EnglishPsychotherapy, Clinical Psychology & Counseling

Q&A from our Guest Editor and Editor-in-Chief about the new Rorschachiana Special Issue

Rorschachiana is celebrating the centenary of the publication of Hermann Rorschach’s seminal book, Psychodiagnostics, with a special issue of the journal! Our guest editor Dr. Kari Carstairs and Editor-in-Chief Dr. Filippo Aschieri have answered a few questions regarding the new issue.

Why did you choose the topic The Rorschach Test Today: An Update on the Research?

We want to spread the word about the fact that the Rorschach test is alive and kicking! No other psychological test has the history and continuity that the Rorschach has and one hundred years after Hermann Rorschach published his book, it is still in the forefront of research and clinical applications for so many psychologists all around the world. Specially, we aim to offer an update on the White Paper from the Society of Personality Assessment that was published in 2005 and that summarised the research up to that date.

Why did you select the articles chosen to be included in the special issue?

Authors were invited to submit review articles that summarise the research in several areas of study in order to trace the state of the art for the Rorschach in applied psychology. Working in the areas of trauma, of forensic assessment, with eating disorders, with patients struggling with thought disorders and in psychotherapy can be facilitated by findings from the Rorschach and all of these areas are included in this special edition. The test’s utility in applied fields rests on its validity, so we also offer an article on neurobiology and Rorschach as a “core” contribution to extend the use of the Rorschach to other applied fields.

In addition, we reach out to psychologists beyond those who are already familiar with the test with our contributions from our discussants who are experts in their fields of study and who comment on the research reviews from a broad perspective.

Is the Rorschach test still relevant for psychiatrists and psychologists 100 years on?

Yes! In many fields of study. For example, in the clinical and the forensic fields.

Today clinical psychologists benefit from the mounting research evidence from studies in attachment, neurobiology, psychopathology, and psychotherapy regarding a few key concepts:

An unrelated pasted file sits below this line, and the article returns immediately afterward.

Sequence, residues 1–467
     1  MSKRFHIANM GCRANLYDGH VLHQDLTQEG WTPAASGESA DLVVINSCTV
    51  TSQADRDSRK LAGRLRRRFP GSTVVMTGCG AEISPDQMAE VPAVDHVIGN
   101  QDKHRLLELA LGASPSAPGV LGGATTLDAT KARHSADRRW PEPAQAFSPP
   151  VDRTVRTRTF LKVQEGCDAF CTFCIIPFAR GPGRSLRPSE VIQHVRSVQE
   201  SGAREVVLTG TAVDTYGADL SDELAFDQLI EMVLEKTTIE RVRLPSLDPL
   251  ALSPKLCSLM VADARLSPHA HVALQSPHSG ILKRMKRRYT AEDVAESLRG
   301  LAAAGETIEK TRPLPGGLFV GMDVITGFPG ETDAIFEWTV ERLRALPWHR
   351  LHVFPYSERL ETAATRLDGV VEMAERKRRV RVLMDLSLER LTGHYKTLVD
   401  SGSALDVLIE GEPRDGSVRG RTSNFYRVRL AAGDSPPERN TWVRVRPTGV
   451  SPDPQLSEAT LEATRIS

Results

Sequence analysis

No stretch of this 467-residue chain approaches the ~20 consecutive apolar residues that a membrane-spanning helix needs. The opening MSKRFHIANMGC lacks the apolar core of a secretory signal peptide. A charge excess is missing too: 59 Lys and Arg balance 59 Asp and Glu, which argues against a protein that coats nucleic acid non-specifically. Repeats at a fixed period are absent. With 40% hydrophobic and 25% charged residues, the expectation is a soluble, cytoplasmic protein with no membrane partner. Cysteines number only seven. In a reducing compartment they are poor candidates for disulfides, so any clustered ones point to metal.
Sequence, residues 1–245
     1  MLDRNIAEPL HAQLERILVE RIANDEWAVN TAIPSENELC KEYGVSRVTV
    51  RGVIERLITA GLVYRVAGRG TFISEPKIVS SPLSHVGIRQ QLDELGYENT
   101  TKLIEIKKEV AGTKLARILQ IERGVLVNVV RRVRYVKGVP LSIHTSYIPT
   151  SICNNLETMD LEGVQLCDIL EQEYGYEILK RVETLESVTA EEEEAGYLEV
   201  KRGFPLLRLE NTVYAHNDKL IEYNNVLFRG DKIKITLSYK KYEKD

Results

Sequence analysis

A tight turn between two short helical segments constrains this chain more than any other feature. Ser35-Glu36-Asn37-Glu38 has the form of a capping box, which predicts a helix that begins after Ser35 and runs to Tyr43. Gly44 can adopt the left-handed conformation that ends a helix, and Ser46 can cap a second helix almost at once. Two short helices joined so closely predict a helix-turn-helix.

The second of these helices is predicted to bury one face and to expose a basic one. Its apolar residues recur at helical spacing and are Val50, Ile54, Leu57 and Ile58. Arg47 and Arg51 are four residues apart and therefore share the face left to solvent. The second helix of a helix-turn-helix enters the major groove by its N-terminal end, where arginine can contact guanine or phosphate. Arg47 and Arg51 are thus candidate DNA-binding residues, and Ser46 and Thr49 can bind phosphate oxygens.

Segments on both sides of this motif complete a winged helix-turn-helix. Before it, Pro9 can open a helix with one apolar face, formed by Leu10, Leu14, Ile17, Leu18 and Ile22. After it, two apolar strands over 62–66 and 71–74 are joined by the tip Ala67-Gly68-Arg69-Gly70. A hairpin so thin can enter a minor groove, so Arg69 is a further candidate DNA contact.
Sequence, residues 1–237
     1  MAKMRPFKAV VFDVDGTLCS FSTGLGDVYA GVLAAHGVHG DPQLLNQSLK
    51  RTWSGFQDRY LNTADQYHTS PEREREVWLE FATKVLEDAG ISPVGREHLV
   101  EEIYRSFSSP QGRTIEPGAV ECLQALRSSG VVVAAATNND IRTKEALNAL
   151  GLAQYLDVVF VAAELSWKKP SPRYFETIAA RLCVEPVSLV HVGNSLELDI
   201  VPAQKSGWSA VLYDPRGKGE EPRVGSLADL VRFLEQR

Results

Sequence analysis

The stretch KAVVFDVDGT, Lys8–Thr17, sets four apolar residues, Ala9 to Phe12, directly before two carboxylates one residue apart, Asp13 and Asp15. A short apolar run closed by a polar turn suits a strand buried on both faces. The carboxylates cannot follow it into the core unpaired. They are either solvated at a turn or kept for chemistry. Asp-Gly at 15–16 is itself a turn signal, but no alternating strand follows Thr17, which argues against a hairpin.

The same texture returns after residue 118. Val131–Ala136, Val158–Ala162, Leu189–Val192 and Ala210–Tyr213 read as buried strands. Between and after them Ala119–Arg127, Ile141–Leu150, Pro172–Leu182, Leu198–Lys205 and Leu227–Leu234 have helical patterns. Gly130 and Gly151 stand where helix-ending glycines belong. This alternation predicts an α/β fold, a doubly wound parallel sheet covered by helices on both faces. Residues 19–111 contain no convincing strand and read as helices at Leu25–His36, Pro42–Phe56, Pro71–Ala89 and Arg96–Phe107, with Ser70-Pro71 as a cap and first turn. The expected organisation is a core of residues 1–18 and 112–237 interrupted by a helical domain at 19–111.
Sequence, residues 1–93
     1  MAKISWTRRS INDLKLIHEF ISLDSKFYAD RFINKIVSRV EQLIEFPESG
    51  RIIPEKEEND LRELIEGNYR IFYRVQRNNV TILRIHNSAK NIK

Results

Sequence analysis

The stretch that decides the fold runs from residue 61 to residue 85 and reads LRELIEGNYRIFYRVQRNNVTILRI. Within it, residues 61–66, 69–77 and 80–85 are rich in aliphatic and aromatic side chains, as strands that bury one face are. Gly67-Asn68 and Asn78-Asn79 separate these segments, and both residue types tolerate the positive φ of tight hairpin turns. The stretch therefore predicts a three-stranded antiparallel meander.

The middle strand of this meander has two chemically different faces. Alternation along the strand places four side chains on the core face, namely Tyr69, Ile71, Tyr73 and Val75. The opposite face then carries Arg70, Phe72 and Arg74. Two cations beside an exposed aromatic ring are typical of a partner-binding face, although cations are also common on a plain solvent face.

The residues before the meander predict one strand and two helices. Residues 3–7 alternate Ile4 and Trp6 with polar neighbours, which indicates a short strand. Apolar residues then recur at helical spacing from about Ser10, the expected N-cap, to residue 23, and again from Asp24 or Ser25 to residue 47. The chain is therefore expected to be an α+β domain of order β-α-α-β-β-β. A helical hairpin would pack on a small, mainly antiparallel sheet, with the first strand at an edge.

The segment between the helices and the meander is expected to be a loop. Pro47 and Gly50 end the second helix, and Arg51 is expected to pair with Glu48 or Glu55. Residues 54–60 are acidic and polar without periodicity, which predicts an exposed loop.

(a) attachment failures and early trauma are related to many forms of psychopathology
(b) one of the major sequelae of developmental trauma is disorganization of the right hemisphere
(c) psychological interventions that promote emotional experience, awareness, and expression are more effective than those that rely solely on cognitive restructuring.

The Rorschach, tapping right-hemisphere and subcortical brain functioning, provides detailed information about the client’s psychological functioning that no other test offers, much of which clients cannot or do not directly report. The Rorschach is particularly good at capturing information about a person as an individual while at the same time making comparisons against a normative sample. This is because while the test materials are standardised, their intentionally ambiguous nature means that each person’s responses to them are unique, and rich in descriptive data. The vivid imagery and emotionally charged responses that many clients give provide a very illuminating window onto the particular experience of each client. 

As such, the findings from the Rorschach have great potential for providing clients with an occasion to reflect more deeply on themselves and on their struggles, particularly within a Collaborative/Therapeutic Assessment framework. 

See Finn (2012) for a fuller discussion of these issues.

In the forensic arena, the test offers a different “take” on the examinee from self-report measures and it can round out the comprehensive picture that the psychologist builds up in order to address legal issues.  Psychologists should always consider the possibility that the examinee may not be truthful in any report for the Court.  A multi-method approach is essential.  Psychometric data complements the interview and a thorough review of documentation pertaining to the legal issues at stake and to the person’s medical history.  Psychologists should integrate information across several different measures, including performance-based tests, such as the Rorschach.  When using the Rorschach in Court, research findings provide the foundation for reaching reliable and valid inferences.

Finn, Stephen (2012).  Implications of recent research in neurobiology for psychological assessment.  Journal of Personality Assessment, 94, 440-449. https://doi.org/10.1080/00223891.2012.700665

About the authors

Dr. Kari Carstairs

Guest Editor


Private Practice


Filippo Aschieri


Faculty of Psychology, Università Cattolica del Sacro Cuore

L.go Gemelli 1

20123 Milan